Taking a few moments on the flight to New Orleans to write a bit about the upcoming conference.


I realize that there are going to be many ruby friends to meet up with once we’re in New Orleans, but I was not expecting the vast number of Ruby friends on the flight with Jer and I today. They include Sam, Renee, Aja, Ryan, a couple of Ada Alumni folks. This is going to be an overwhelmingly great time.

The conference subject matter is going to be incredible. This will be the first time, I think, that I will be listening to Matz in person. Pretty exciting stuff. And while I have seen Sandi Metz speak in person before, I’m highly looking forward to catching her upcoming talk here at the conference. I’m a big fan of the way that she outlines her subject matter in a measured, approachable way. Her talks carry along strong, consistent themes of inspiration - that you can do The Thing if you perservere.

Y'all - that conference talk in Paris about the bicycling trek? Amazing. One of my top 5 favorite tech conference talks of all time.

I’ll need to sit down with the schedule tonight and outline the docket of what to see. I’m a bit conflicted on what I’d like to focus on:

Really, I think there’s a strong possibility that I’ll end up doing the latter. There’s a number of reasons for this - Giving my brain a break from intense work focus, thinking about problems in a different way, exploring things that may be of greater long term value (value can be anything from personal satisfaction or great work skills in the back pocket.)

The Flight to New Orleans - Random Observations

When flying domestically, we fly Alaska, or sometimes Southwest Airlines.

There’s lots of reasons why - Alaska’s food/bev selections are great, they participate in recycling, and they aren’t trying to constantly pitch their brand to you. (United and Continental airlines are particularly bad in this regard. The one and only time I’ve ever flown with Continental, they aired self-promoting minutes-long commercials on takeoff and landing, AND at the gate via their own television displays.)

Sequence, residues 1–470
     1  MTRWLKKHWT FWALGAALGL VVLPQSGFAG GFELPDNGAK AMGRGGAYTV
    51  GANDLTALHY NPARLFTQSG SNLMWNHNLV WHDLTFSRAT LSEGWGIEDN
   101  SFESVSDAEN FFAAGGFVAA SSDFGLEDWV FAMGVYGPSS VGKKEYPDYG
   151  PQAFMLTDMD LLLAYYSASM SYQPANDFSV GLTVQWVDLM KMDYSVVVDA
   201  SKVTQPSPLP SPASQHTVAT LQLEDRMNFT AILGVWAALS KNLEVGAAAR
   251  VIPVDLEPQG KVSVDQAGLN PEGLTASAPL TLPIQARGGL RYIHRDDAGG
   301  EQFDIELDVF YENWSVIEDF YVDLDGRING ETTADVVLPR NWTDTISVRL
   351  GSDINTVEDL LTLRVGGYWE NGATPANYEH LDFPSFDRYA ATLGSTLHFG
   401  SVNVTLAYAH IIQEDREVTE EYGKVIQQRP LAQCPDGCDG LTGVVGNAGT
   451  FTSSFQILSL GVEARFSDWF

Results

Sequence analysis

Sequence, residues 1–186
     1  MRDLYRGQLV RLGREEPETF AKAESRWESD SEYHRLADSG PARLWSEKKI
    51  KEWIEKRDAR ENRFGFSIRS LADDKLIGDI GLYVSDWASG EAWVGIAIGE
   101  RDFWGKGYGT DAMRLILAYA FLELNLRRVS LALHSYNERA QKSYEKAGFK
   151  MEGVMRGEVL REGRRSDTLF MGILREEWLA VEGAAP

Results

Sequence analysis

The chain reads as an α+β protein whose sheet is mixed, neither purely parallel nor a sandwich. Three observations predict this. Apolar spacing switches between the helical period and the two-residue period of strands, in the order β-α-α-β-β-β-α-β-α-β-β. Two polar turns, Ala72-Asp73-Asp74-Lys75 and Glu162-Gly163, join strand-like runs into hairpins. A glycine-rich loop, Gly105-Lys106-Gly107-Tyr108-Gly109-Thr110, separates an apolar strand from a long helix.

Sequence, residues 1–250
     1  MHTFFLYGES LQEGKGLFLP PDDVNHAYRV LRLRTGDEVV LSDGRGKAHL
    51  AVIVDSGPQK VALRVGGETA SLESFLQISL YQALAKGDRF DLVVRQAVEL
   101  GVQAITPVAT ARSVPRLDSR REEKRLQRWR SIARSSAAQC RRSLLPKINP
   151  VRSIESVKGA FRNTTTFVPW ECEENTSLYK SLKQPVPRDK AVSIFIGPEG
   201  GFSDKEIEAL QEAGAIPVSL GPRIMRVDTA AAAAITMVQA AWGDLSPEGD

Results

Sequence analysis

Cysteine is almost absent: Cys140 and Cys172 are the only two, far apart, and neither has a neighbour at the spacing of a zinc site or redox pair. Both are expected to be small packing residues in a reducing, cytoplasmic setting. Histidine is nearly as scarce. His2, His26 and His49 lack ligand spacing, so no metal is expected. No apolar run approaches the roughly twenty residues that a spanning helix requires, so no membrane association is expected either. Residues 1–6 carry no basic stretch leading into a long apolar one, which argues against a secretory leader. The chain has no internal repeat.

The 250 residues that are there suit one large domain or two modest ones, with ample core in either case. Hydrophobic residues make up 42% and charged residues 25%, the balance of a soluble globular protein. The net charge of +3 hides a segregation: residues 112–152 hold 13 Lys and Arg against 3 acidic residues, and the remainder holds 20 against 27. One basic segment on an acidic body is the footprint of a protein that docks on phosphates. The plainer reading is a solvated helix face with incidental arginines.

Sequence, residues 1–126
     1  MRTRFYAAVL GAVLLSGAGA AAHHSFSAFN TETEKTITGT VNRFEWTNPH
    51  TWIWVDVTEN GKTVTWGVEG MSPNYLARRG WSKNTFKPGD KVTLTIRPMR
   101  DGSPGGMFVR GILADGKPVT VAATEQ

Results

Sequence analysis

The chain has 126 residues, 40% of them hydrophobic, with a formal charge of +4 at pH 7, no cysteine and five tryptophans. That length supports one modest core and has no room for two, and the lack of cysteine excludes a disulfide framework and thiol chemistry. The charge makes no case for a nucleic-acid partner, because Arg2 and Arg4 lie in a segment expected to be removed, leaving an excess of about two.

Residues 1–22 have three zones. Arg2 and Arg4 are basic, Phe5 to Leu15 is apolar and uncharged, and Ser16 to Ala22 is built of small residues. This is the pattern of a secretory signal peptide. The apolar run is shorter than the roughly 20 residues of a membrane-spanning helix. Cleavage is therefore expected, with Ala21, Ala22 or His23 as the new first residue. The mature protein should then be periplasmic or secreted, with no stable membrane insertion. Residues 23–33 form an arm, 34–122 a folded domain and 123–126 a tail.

One of the other keen features of Alaska is that they offer in-flight internet via GoGo. It’s a great option if you happen to be on a longer flight.

The above statement is not true if half the folks on the plane are technologists who are going to the same tech conference. ;-)

Because the network is pretty damned saturated, I’ve been playing around a bit with the paywall in order to figure out how it works. This includes doing traceroutes on the gogo domain versus other domains (under the context where I don’t have a cookie or token to bypass the paywall.)

What’s curious about trying to access other websites in this state is that there’s 3 resultant behaviors for attempted access via a web browser:

  1. The web address never resolves
  2. The web address results in a redirect to the purchase page for the GoGo paywall
  3. The web address is not blocked at all and you are able to freely access it

Now, like me you’re probably making the assumption that if you haven’t paid for the wifi service that 100% of websites should never resolve.

You’d be wrong.

Here are the test results from my exploratory testing during this flight (11/14/2017):

Never Resolves

Redirect to Paywall

Webpage Resolves!


This revelation is so gross.

The behavior likely means that amazon.com and GoGo have some sort of partnership (likely Amazon pays GoGo or Alaska $$$$$) to bypass the paywall entirely. This likely means that other companies have also given the proverbial wink (and some payment) to GoGo to do the same.

I wish I had a prep list of common domains before hopping on this flight - discovering more information about the behaviors via ad-hoc testing is pretty fascinating to me.